Here are more links from from Natural England of recent and relevant evidence and reports, policy agenda developments, large scale delivery sector initiatives, resources and news items. This supports the Strategic Research Groups for Learning in Natural Environments and Outdoors for All in order to develop better coherence and collaboration in research and to improve links between research, policy and practice in these areas.
The following caught our eye:
The hare and the tortoise go to forest school: Taking the scenic route to academic attainment via emotional wellbeing outdoors
M McCree, R Cutting, D Sherwin – Early Child Development and Care
The study investigates the project’s impact on children who attended weekly Forest school and outdoor learning sessions over three years in terms of their academic attainment, wellbeing and connection to nature. The children’s attendance and academic attainment improved in comparison to non-participating peers at school. The findings emphasize the importance of how social free play outdoors relationship with particular places can establish emotional resilience and self-regulation.
Relationships between outdoor and classroom task settings and cognition in primary schoolchildren
JMK Hamilton – PhD Thesis
The thesis predicts that due to a predisposition for natural affordances, children’s performance on a school task will be better outdoors than in a classroom, and associated with natural richness. Outdoor tasks were recalled more readily and in richer detail, and were preferred for all criteria, with the experienced group returning the strongest preferences. Underachievers recalled more outdoors than peers, and returned higher perceived restorativeness scale task ratings.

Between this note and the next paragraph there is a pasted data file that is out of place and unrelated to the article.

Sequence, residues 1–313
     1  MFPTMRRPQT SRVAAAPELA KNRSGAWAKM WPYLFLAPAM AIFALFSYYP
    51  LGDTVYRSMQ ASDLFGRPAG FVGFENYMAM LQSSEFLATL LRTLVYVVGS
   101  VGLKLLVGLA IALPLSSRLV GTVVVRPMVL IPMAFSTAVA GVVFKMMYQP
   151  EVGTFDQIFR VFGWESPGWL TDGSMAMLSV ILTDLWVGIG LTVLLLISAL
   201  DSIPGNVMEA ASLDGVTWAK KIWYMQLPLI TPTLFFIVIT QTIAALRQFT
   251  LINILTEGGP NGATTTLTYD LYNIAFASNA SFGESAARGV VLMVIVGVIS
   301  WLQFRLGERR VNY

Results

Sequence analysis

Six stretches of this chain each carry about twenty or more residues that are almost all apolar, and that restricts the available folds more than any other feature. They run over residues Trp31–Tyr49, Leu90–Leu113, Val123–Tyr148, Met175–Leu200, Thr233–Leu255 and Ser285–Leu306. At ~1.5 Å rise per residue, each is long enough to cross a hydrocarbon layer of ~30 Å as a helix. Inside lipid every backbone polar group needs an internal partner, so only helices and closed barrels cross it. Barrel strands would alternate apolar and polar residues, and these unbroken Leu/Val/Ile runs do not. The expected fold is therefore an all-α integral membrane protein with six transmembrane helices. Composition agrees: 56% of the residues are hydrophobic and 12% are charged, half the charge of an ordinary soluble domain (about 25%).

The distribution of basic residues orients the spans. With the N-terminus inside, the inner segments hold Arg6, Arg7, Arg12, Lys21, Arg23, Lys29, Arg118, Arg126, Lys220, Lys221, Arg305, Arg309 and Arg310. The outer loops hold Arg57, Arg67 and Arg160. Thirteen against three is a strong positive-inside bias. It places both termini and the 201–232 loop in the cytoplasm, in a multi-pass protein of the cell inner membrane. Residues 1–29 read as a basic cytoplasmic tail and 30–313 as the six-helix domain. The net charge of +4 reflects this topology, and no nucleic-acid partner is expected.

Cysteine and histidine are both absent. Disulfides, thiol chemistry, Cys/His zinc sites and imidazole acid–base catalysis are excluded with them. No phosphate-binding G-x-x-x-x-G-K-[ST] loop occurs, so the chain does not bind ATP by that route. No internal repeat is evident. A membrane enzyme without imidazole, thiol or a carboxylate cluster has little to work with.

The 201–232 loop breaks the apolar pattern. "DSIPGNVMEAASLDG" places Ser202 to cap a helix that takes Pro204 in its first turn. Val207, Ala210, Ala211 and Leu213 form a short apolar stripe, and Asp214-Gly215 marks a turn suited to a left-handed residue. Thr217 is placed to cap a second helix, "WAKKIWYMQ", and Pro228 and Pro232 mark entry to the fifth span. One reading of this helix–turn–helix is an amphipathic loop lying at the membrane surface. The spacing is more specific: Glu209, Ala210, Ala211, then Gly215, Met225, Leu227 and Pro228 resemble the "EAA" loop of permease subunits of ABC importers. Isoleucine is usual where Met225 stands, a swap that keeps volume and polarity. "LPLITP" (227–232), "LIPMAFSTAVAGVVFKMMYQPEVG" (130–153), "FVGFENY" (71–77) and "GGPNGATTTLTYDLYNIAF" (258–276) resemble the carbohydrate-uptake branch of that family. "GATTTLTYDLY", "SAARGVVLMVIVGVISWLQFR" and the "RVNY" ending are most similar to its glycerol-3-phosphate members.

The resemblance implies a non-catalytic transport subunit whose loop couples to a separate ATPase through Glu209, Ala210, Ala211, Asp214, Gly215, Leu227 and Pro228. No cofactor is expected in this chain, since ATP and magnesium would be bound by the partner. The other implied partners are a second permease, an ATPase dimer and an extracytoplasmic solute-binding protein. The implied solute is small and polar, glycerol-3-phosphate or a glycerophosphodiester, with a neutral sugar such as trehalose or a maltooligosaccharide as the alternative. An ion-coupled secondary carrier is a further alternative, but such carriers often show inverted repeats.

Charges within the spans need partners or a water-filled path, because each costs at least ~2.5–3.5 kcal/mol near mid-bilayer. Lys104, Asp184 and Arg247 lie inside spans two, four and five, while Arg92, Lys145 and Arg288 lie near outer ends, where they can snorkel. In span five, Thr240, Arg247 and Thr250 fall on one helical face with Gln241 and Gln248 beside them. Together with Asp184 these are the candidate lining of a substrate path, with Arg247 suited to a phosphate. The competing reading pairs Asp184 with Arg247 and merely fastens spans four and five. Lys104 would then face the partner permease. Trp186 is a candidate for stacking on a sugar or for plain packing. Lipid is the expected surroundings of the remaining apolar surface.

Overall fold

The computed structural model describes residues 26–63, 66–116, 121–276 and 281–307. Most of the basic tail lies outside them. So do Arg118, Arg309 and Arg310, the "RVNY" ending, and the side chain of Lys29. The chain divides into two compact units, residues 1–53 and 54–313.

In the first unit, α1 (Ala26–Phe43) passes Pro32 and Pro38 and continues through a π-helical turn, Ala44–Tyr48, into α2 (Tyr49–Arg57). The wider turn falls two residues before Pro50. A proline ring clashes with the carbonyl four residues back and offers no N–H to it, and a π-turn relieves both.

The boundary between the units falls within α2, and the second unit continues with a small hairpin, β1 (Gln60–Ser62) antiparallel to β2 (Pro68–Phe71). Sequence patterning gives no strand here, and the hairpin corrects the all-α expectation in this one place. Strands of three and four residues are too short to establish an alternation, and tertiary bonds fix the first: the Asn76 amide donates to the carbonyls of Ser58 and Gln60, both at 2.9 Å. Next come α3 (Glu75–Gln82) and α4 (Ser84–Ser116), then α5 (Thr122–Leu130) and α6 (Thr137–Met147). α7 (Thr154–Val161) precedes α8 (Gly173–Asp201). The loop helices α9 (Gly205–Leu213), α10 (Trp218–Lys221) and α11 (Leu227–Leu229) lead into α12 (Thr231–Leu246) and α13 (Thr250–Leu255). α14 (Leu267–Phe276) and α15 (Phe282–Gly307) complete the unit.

An evaluation of two National Park projects: Dartmoor Naturally Healthy and Exmoor Moor to Enjoy
S Howes, A Edwards-Jones, S Waite – 2018
The report explores similarities and differences and successes and challenges across and within the two projects to provide recommendations for practice both within these projects and for future development. Participant’s top outcomes were enjoyment, sense of belonging, learning and relaxation.
New Primary Forest and Woodland Teaching Resource pack from the Forest Education Network
Ideas to use trees woods and forests for curriculum linked teaching & learning. These versatile lesson ideas will help you to deliver KS1 & KS2 curriculum objectives in literacy, maths, science, history, geography, PHSE, art, music and PE.
Tree cover and species composition effects on academic performance of primary school students
S Sivarajah, SM Smith, SC Thomas – PLOS ONE
The proportion of tree cover, as distinct from other types of “green space” such as grass, was found to be a significant positive predictor of student performance, accounting for 13% of the variance explained in a statistical model predicting mean student performance assessments. The effects of tree cover and species composition were most pronounced in schools that showed the highest level of external challenges.